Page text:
As if the creature had heard the general, the sand-snake sprang up from the grains and roared in the distance, bearing fangs and spittle. Hearing the cry, Starfire frowned, unhappy and uncomfortable. It was the creature that had brought the Tamaranean platoon to the desert's edge. For weeks, the refthar had been harassing the gypsies in the area, and even travelers who kept their distance. The creature had gone rogue.

"Shall we?" Balgor enquired.

It took all of Starfire's strength not to look at the general imploringly. She did not want to end the creature — she was not one made to kill, but she understood that a decision had to be made. If she were Raven — Robin — there would not be any hesitance. But if Starfire had learned anything since her return to Tamaran, it was that she was not like her friends: calculated, means to an end — unshakeable.

Instead, she was sympathetic, caring — compromising.

Nodding an acquiesce, Starfire's eyes and fists glowed green before she flew upwards, several troops following after her. It would not take a whole platoon to down the creature. She was determined to subdue it for now. No need to kill it when it could be made to be docile.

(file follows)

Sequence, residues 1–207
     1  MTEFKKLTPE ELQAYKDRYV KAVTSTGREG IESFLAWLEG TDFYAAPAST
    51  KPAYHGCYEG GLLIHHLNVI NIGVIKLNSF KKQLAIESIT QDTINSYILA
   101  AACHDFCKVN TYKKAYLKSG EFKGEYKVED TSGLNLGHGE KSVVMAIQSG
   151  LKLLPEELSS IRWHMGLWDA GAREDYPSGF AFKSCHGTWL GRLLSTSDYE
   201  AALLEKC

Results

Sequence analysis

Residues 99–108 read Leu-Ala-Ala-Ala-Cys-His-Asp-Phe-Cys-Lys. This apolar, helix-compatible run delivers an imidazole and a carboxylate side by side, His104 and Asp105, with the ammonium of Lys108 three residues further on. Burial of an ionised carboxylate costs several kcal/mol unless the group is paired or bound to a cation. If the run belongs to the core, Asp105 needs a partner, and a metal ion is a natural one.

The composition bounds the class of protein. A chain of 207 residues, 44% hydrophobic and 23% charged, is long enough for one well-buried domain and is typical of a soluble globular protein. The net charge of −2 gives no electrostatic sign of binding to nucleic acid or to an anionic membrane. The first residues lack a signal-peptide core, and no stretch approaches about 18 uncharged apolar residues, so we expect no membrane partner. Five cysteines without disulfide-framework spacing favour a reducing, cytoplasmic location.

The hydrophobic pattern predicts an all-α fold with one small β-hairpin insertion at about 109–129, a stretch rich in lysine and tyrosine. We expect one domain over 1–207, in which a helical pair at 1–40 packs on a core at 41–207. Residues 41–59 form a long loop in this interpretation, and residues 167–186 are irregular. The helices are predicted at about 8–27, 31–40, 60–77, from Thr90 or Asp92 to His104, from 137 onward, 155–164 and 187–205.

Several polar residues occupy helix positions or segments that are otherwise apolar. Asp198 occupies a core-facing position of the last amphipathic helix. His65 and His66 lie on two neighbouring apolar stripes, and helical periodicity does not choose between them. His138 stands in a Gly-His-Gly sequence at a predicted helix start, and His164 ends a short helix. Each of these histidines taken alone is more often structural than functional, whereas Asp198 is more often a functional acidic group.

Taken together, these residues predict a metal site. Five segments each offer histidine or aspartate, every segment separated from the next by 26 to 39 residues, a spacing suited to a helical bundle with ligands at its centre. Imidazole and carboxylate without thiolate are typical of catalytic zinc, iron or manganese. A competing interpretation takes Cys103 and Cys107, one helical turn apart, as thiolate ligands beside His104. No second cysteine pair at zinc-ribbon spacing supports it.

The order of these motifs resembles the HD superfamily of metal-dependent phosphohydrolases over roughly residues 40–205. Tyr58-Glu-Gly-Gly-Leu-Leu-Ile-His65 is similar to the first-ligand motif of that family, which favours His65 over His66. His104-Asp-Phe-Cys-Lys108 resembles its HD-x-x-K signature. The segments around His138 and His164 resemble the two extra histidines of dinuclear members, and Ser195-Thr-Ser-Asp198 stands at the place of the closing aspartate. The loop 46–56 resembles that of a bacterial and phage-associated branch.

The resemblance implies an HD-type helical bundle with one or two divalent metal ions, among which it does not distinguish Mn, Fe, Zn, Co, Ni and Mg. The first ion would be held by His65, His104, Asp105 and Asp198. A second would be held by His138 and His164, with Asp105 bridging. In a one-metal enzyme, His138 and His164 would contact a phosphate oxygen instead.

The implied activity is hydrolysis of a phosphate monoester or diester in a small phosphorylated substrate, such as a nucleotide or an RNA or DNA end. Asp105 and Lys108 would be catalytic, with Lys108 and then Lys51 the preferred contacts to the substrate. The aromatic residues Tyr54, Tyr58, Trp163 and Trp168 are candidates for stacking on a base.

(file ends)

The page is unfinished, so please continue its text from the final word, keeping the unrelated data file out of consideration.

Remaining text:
An hour later, covered in spittle and sweat, Starfire dropped from the sky and nodded to her trusted general. Under his understanding, but stern gaze, she kept her posture straight and hard. Under the judging eyes of the Tamaran soldiers, she kept her face expressionless and forward. She was not her sister, but she was a force to be reckoned with.

They had learned that in the months since her return to Tamaran; she had taught herself to be that since her return to Tamaran.

Finally, once Starfire had shrouded herself in her tent — alone, she let herself sink into the rough blankets and feel again. Tamareans were, above all else, soldiers, but Starfire had learned what it was like to not be a soldier. She was beginning to teach the others too: to feel, to sympathize, to love. But they were hard and stubborn, and they were beginning to morph Starfire's sense of self — her real self.

This was why she needed to see the others — to see Raven. Raven who, against all odds, felt more deeply, more intensely, more truly than all others she had ever met or loved. Raven, who had always been lonely, shutting others out — shutting them out for the longest of time — loved them without question or hesitance or judgement. After so long, after being so far, when Raven finally let herself feel, she craved it more than the others and never took it for granted.